Salford was at a crossroads when a cameraman flew over the city to produce a remarkable set of aerial photographs in July 1974.
Some Victorian terraces still stood in regimented rows, while others were being torn down in the biggest slum clearances Manchester had ever witnessed.
There was optimism – as well as brickdust – in the air.
Major projects like the Ringway runway extension, the Arndale shopping centre and the M602 motorway all went ahead in the 1970s.
But that meant little to families living among the demolition rubble as the new replaced the old on the city streets.
Nostalgia today looks at Salford from above and below in the 1970s with archive images that capture the community spirit and resolve of the time.
In spite of its ambitious rehousing programme, Salford was still reported to have the worst slums in Europe in the early 1970s.
Traditional industries were clinging on, while others had moved out or ground to a halt leaving whole areas in bleak disrepair.
Generations had worked at glass-blowing in Salford before its decline in the 1930s. Our evocative photo from October 1947 shows George Cowie of Dale Street, Lower Broughton, and Daniel Andrews of Lower Seedley Street, Salford, practising the craft.
In stark contrast, Salford was determined to move with the times when it purchased six giant-sized street vacuums in October 1964.
Looking remarkably like Noo-Noo, the vacuum cleaner in the TV series the Teletubbies, the American-built suction machines were powered by petrol engines.
We’re not sure what the council’s cleansing operatives made of the slick new models – but there wasn’t a road-brush or shovel in sight!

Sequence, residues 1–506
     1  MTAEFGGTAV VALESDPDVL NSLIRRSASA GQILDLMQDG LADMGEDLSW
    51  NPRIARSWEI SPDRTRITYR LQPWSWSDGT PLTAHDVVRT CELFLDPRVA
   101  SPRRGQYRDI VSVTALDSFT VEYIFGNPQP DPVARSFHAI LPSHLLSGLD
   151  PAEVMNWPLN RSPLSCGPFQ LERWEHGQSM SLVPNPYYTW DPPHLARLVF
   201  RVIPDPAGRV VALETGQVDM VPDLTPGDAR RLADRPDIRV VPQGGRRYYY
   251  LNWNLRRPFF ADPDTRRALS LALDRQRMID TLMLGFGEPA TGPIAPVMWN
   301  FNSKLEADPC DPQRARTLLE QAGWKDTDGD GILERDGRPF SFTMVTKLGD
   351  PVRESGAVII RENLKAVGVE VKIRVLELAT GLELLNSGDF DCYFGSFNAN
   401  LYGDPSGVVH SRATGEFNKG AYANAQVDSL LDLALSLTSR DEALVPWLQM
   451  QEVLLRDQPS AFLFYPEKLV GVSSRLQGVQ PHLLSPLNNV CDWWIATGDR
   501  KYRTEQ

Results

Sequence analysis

Space-age vacuums would never have negotiated the passageways between the back-to-back terraces still common in Salford in the 1970s.
The state of the Salford slums in October 1974 was captured in our image of five-year-old Jeffrey Slean going out to play after school, carefully watched by his mother Vera.
Demolition of the slums not only meant the rehousing of families – pets and animals had to be looked after too.
Two dedicated Salford women, Mrs Norma Parker and Mrs Diane Shepherd, rescued cats and dogs from the debris and found homes for them. Our photo shows the kind-hearted couple at work in Ordsall with five-year-old Cristina Shepherd.
The impending demolition of Archie Street in August 1971 brought a special visit from Coronation Street’s Stan and Hilda Ogden, played by Bernard Youens and Jean Alexander.
Producer Tony Warren used the Salford street as the model for the long-running Granada TV soap and based many of his characters on people from the area.
He was not the first to draw inspiration from Salford’s grimy terraces. The renowned artist L.S. Lowry, born in Stretford in 1887, immortalised them in his paintings of the industrial north.
The largest collection of Lowry’s paintings and drawings from the 1920s to 1960s is fittingly held by Salford City Council and displayed at The Lowry. There are around 400 works.
The artist is proudly photographed in front of one of his paintings at his one-man exhibition in Salford in October 1961.
The rows of terraced houses so well-known to Lowry are still prominent in the aerial view across the rooftops of Salford taken in July 1974.
In the distance are the floodlight towers of Old Trafford football ground. Trafford Park and No. 6 Dock are in the background on the right.
One of Salford’s most prominent Victorian buildings soared above the slums and tenements when it was completed in 1848.
The Roman Catholic Cathedral Church of St John the Evangelist, pictured in March 1946, was built in the neo-Gothic style to the designs of architect Matthew Ellison Hadfield.
It borrowed heavily from other medieval Gothic churches. The tower was based on St Mary Magdalene, Newark, the nave on Howden Minster and the choir on Selby Abbey.
Vying with the cathedral spire for a place on the skyline were Salford’s first tower blocks. The eight-storey Clement Atlee House went up in May 1956 and the first 15-floor blocks were under construction in the early 1960s.
The city’s largest tower block development was at Kersal, where thousands of people were rehoused by the local authority.
Many more unmissable pictures and memories of the past can be found in Clive Hardy’s brilliant book Around Manchester in the 1970s – on sale at a reduced price for M.E.N. readers.
Clive’s two companion books, Around Manchester in the 1950s and 1960s, are on offer at a reduced price too!
Just check out the full-page advert in this supplement for more details or ring 01928 503777 to place your order.